Arachnophobia Makes Spiders Look Bigger, Study Finds

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Arachnophobia may cause itsy-bitsy spiders to appear much bigger than they really are, according to a small study published in the journal Biological Psychology and conducted among students at Ben-Gurion University of the Negev (BGU). Whether they fear spiders or not, many people find the eight-legged creatures unsettling or unpleasant. But those who are afraid of spiders also see them as larger than those who find them them merely unappealing.

Scientific American explains that psychologist Tali Leibovich was inspired to conduct the study by her own arachnophobia. Leibovich tells Scientific American that she was in the lab with a colleague when she spotted a particularly terrifying spider. “I started to scream for her to come and pick it up because she's not afraid of them,” she explains. “And she said, 'But it's small, how come you're afraid of it?' And I said, 'No, it's huge!' And she said, 'It's small'; I said, 'It's huge.' We started arguing, and this is why we started this study. To see who is right."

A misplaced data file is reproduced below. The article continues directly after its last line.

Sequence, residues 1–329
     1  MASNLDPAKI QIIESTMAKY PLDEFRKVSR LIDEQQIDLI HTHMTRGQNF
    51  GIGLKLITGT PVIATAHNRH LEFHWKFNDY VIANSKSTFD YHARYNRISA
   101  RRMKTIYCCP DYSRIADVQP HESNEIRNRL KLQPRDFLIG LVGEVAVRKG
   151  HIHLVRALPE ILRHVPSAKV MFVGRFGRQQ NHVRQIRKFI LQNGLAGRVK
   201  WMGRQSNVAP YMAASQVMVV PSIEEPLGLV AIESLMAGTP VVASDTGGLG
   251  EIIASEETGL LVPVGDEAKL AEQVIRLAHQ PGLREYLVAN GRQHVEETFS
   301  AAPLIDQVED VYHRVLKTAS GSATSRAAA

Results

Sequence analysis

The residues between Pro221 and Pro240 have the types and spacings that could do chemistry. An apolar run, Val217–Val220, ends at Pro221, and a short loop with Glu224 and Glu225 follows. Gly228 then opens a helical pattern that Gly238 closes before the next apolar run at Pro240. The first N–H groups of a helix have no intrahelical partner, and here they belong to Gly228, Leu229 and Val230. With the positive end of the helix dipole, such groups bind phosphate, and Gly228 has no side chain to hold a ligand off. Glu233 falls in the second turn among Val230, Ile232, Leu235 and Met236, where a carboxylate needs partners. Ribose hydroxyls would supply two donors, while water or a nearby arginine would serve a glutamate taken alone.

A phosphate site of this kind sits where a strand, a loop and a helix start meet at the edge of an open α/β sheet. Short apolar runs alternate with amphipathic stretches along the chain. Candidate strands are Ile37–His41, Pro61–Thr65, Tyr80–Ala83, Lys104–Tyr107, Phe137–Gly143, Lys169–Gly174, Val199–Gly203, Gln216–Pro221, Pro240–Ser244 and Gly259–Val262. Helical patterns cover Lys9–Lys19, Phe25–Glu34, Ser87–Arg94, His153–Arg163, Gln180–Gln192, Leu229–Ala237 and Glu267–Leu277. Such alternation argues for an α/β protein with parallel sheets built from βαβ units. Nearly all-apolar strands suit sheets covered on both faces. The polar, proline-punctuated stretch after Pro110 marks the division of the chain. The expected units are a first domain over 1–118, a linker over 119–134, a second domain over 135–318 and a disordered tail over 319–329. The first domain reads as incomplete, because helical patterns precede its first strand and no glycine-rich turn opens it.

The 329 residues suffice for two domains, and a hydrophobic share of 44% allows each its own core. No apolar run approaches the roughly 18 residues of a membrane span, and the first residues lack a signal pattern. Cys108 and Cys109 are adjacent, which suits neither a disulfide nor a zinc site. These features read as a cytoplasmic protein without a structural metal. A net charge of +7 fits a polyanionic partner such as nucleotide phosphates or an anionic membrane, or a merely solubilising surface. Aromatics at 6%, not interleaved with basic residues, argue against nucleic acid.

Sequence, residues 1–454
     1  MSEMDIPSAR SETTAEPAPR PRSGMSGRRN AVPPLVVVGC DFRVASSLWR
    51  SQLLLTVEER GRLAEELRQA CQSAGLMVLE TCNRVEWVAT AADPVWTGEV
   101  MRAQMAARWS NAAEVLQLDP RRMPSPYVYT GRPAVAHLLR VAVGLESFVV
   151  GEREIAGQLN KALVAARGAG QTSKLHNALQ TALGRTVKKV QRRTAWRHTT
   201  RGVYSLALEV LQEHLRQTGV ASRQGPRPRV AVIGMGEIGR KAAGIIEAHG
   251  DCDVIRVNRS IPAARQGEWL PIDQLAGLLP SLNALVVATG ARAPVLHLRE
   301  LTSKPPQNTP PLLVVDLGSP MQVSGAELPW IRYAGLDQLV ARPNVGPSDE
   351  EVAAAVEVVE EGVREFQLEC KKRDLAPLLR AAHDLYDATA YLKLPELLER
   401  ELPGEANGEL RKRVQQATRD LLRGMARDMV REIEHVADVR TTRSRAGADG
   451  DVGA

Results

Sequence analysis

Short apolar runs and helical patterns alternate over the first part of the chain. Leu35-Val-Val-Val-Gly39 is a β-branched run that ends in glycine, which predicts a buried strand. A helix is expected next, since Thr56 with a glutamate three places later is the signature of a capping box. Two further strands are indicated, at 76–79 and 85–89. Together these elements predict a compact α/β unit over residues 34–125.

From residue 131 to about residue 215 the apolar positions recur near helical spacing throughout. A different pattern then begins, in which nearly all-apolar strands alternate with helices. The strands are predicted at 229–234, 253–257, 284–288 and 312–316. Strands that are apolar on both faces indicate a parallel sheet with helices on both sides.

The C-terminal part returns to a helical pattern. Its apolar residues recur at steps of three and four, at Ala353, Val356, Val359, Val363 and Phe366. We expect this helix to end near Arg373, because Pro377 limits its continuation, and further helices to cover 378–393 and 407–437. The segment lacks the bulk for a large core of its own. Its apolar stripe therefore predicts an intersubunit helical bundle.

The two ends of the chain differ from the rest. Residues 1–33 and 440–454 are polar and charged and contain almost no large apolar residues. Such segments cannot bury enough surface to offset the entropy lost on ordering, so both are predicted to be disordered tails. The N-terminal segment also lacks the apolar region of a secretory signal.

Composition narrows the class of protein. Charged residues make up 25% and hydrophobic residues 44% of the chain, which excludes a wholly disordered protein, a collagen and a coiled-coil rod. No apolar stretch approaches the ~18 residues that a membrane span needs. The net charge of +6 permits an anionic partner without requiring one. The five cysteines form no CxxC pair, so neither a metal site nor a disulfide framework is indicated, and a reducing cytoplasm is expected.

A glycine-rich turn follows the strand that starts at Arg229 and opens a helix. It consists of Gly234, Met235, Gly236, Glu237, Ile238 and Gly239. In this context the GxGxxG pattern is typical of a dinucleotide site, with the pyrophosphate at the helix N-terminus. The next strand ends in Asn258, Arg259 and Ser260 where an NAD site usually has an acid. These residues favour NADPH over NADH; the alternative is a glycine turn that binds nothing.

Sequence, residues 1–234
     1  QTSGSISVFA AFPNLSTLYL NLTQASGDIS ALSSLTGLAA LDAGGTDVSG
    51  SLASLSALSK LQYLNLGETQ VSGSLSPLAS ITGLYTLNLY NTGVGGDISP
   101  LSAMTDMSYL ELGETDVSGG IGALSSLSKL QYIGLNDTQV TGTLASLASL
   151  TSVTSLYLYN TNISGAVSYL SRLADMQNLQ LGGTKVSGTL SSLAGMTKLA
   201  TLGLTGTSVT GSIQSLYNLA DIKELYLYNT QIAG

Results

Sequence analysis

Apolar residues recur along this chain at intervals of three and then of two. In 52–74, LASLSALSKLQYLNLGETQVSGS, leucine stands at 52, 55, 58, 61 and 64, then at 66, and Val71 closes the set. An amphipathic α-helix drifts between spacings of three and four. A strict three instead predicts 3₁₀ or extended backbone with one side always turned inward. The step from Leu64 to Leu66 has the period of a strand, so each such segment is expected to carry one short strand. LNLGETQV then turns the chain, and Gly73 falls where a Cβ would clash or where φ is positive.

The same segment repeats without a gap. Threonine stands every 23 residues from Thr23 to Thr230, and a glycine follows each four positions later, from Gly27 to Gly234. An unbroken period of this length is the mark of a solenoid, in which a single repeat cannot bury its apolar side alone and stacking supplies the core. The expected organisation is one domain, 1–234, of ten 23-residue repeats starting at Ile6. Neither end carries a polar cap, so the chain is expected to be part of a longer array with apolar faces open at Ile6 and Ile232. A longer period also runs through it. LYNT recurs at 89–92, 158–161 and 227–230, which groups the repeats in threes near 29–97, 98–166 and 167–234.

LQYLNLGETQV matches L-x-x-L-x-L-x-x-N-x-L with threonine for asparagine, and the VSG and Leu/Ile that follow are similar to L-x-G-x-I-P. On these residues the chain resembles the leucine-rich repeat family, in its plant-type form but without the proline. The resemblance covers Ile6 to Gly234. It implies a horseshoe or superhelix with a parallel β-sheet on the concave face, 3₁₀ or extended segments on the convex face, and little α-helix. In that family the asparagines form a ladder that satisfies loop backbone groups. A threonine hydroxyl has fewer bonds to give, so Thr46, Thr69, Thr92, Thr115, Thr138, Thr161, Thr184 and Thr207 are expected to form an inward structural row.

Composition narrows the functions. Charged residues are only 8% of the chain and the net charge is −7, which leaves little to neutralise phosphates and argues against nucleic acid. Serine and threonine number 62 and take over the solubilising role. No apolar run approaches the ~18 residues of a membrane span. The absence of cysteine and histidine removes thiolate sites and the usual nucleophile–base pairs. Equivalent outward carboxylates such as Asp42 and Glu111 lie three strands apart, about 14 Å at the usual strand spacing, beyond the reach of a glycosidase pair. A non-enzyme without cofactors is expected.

The two-part study, which involved 27 female students, not only found that arachnophobes consistently viewed spiders as larger than non-arachnophobes, but that arachnophobes did not miscalculate the size of other insects and animals. For instance, participants were asked to rank the sizes not only of spiders, but of harmless creatures like flies and birds, and potentially dangerous creatures like wasps, on a size scale from housefly to lamb. Even though wasps are arguably more dangerous than many spiders, arachnophobes did not miscalculate their size.

"This study revealed how perception of even a basic feature such as size is influenced by emotion, and demonstrates how each of us experiences the world in a unique and different way," says Leibovich. "This study also raises more questions such as: Is it fear that triggers size disturbance, or maybe the size disturbance is what causes fear in the first place? Future studies that attempt to answer such questions can be used as a basis for developing treatments for different phobias."

[h/t Scientific American]